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Changes to Section 21 Notices

There have been a number of changes introduced in recent years for landlords wishing to gain possession of residential properties at the end of assured shorthold tenancies (“AST”). Additional changes came into force on 1 October 2015 which place further requirements on landlords wanting to serve a section 21 notice.

The Assured Shorthold Tenancy Notices and Prescribed Requirements (England) Regulations 2015 introduced the following changes:-

  • Section 21 notices must now be in a prescribed form
  • A landlord is unable to serve a section 21 notice unless it has provided the tenant with:

a) An energy performance certificate

b) A copy of the gas safety certificate

c) The government booklet “How to rent: a checklist for renting in England”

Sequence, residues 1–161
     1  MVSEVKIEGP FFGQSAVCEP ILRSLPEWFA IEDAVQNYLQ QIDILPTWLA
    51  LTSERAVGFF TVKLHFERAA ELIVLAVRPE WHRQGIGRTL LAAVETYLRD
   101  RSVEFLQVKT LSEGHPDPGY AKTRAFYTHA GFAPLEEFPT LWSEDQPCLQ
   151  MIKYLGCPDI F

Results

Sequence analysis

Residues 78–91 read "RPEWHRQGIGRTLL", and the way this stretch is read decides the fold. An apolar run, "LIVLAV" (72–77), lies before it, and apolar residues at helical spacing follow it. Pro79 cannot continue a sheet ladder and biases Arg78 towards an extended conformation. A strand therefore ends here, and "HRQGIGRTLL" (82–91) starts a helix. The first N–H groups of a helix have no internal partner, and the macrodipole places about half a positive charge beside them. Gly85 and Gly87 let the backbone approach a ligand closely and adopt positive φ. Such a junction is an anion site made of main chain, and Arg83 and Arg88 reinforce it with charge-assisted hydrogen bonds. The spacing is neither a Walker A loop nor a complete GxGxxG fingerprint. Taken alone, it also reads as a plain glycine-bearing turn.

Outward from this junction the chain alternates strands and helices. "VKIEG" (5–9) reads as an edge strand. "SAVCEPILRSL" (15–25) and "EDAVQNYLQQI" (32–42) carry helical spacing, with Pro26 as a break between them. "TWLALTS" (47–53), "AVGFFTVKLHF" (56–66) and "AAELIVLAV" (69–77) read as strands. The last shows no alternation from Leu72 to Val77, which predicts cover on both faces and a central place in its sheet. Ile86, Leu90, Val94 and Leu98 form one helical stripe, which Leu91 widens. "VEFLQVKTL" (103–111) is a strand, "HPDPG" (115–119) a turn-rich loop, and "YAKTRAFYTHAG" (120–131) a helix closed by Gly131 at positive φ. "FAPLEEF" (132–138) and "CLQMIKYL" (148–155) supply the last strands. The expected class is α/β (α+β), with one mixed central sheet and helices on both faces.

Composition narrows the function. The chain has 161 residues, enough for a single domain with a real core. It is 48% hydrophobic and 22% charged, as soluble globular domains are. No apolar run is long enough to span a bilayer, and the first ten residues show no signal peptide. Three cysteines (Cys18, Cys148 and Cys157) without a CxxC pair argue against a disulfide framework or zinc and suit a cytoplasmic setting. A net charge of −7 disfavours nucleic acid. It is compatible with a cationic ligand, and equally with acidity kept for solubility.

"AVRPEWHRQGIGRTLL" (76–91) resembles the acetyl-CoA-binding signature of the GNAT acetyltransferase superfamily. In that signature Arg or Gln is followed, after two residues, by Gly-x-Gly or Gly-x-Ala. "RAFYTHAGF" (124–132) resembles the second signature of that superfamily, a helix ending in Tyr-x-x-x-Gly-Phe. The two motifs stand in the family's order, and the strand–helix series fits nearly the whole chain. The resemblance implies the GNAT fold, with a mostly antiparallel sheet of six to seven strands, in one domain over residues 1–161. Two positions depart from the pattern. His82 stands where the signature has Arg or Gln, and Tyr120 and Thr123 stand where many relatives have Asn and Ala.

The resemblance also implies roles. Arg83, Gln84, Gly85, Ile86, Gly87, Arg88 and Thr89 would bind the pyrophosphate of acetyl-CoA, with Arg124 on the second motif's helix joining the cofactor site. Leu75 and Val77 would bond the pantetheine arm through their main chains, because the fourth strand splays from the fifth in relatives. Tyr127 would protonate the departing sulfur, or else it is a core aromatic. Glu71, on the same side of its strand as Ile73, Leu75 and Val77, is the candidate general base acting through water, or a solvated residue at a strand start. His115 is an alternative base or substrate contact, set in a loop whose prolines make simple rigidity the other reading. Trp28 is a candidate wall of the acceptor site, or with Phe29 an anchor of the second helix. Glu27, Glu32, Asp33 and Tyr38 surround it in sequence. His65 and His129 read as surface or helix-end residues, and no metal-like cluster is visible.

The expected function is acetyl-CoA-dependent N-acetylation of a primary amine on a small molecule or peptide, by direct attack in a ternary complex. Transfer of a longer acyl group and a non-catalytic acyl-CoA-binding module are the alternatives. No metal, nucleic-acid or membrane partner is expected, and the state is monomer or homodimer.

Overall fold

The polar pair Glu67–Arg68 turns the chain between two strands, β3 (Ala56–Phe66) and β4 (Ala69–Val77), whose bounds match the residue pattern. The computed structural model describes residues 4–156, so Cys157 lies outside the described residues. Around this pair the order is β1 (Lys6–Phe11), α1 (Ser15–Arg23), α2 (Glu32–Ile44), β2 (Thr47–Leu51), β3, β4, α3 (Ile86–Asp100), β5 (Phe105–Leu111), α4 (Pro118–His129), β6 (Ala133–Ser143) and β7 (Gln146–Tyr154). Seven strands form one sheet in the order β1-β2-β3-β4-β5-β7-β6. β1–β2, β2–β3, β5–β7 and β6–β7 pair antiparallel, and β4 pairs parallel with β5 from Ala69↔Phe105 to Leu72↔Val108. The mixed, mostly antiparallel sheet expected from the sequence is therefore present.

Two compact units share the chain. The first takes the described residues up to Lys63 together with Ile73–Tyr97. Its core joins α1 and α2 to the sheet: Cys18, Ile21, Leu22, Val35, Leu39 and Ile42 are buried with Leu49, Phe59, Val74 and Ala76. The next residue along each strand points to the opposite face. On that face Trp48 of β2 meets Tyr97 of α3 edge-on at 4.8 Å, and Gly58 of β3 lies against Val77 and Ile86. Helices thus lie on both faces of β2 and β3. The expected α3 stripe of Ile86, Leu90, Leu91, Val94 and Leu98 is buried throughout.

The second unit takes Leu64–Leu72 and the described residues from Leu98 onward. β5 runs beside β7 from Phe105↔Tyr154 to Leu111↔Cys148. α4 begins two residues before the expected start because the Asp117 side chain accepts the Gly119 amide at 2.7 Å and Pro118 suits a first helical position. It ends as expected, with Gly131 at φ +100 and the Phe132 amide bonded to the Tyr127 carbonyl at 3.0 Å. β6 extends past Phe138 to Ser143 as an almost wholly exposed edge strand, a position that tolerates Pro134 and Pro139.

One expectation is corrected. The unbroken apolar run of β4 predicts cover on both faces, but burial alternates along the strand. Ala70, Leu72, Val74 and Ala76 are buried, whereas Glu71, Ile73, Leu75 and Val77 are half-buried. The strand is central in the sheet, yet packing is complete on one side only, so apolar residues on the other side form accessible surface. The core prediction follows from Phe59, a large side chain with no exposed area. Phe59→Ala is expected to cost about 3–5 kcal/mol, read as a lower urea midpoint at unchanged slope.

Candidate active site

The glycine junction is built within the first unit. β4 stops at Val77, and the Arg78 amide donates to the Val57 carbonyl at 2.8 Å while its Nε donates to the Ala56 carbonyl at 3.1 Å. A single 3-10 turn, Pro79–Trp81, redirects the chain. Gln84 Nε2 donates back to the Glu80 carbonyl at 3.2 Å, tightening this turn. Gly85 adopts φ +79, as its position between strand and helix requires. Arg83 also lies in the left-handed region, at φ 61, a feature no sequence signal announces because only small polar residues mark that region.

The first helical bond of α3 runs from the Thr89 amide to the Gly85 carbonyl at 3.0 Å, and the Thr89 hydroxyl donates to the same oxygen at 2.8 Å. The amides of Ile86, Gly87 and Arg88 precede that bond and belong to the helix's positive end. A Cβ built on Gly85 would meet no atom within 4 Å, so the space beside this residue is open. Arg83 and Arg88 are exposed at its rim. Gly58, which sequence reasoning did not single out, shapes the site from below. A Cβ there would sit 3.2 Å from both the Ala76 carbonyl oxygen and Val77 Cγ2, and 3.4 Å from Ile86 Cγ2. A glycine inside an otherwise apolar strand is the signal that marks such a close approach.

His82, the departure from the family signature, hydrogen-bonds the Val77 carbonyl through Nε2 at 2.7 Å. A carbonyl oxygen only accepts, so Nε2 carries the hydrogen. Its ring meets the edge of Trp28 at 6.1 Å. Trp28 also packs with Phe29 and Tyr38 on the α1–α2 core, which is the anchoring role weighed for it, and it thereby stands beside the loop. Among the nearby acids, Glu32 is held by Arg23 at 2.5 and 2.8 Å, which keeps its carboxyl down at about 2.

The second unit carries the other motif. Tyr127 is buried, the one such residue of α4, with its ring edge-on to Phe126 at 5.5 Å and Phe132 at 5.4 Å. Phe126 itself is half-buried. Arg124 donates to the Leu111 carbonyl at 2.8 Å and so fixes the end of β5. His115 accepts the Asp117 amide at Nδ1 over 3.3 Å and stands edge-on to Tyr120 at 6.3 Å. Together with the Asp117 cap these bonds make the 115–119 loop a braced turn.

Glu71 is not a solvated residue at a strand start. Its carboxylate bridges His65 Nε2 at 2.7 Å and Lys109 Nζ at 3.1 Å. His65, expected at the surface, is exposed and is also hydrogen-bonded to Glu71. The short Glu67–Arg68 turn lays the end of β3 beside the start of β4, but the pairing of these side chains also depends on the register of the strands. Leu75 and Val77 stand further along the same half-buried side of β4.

Additionally, a landlord cannot serve a section 21 notice where a tenant has made a written complaint about the condition of the property and it has not been dealt with adequately by the landlord. There is currently no clear guidance on what is considered an “adequate response” and all of the above changes will potentially have a huge impact on landlords seeking to gain possession of their residential properties.

In the past, a landlord was able to serve a section 21 notice when granting an AST, however, as of 1 October 2015 they are unable to save the notice within the first 4 months of the tenancy. Time limits have also been imposed on the notices, they are now only valid for six months from the date of service (where they were previously valid indefinitely). After six months you will need to re-serve a new s21 notice and wait a further two months before issuing possession proceedings.

Landlords who fail to comply with these changes will struggle to regain possession of their property. Whilst these changes currently only apply to tenancies which commence on/after 1 October 2015, they will apply to all tenancies from 1 October 2018, so as a landlord it is worth implementing these practices now to ensure you do not get caught out further down the line.

© SA LAW 2017

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